Exploring research and evaluation pieces from across the organisation, this edition of OPENplan brings to you a selection of eclectic studies that display a breadth of thematic topics to showcase recent and innovative works from within the global Plan International family. The issue has a focus on good methodological practice and offers a range of insights useful for informing areas of future research, programmatic and emergency response.
Using qualitative research methods in Chiang Mai and Chiang Rai, Northern Thailand, the first study adopts an intersectional approach to consider varying and nuanced climate risks, vulnerabilities, adaptations and resilience measures to uncover a more holistic understanding of climate challenges faced by different young women and girls in the regions. The report highlights and addresses an important gap in both gender-sensitive and child-centred climate change adaption and offers recommendations for more targeted action that could enhance the resilience of young women and girls.
The second study, conducted in the Central Africa Republic, was a final evaluation report which used a mixed methods approach to evaluate the effectiveness of ‘soft’ conditional cash transfers alongside a comprehensive child protection package, as a mechanism to improve household resilience and child protection in the context of humanitarian emergencies. The intervention offered an important means to filling an evidence gap on the practicality, effectiveness, and challenges to implementing conditional cash transfers to improve the overall well-being of unaccompanied and separated children (UASC), their families and households over time.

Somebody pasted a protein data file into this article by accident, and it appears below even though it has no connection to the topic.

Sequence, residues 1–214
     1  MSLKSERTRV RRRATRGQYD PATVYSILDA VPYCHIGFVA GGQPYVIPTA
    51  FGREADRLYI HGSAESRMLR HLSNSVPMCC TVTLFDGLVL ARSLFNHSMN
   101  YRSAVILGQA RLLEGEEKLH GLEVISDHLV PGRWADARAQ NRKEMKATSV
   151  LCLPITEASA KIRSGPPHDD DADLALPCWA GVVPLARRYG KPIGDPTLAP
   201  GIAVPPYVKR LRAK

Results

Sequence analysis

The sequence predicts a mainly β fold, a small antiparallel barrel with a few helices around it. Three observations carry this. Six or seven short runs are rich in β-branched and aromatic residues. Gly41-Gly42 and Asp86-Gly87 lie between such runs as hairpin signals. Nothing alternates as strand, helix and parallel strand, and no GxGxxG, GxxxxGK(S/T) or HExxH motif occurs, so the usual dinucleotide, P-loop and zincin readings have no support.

The third report offers a globally focused desk-based review designed to enhance understandings on the intersections between humanitarian crises, gender, age and education. The research primarily uses quantitative data analysis, supplemented by a range of secondary data sources to enrich contextual understandings and challenges to education in contexts of humanitarian crises, and offer evidence-based recommendations.
The final study was based on a robust mid-term evaluation conducted on a multi-country and multi-year gender-transformative project, Strengthening Health Outcomes for Women and Children, which aimed to contribute to the reduction of maternal and child mortality amongst vulnerable women and children. The article, however, goes beyond the scope of the report to offer insightful comparisons on methodologies and use of midline studies across the 5-country evaluation.
We hope you find this issue of OPENPlan insightful. Please contact the MERL team at Global Hub if you have any exciting research reports or evaluations that you would like to see featured in future editions!
Source: Plan International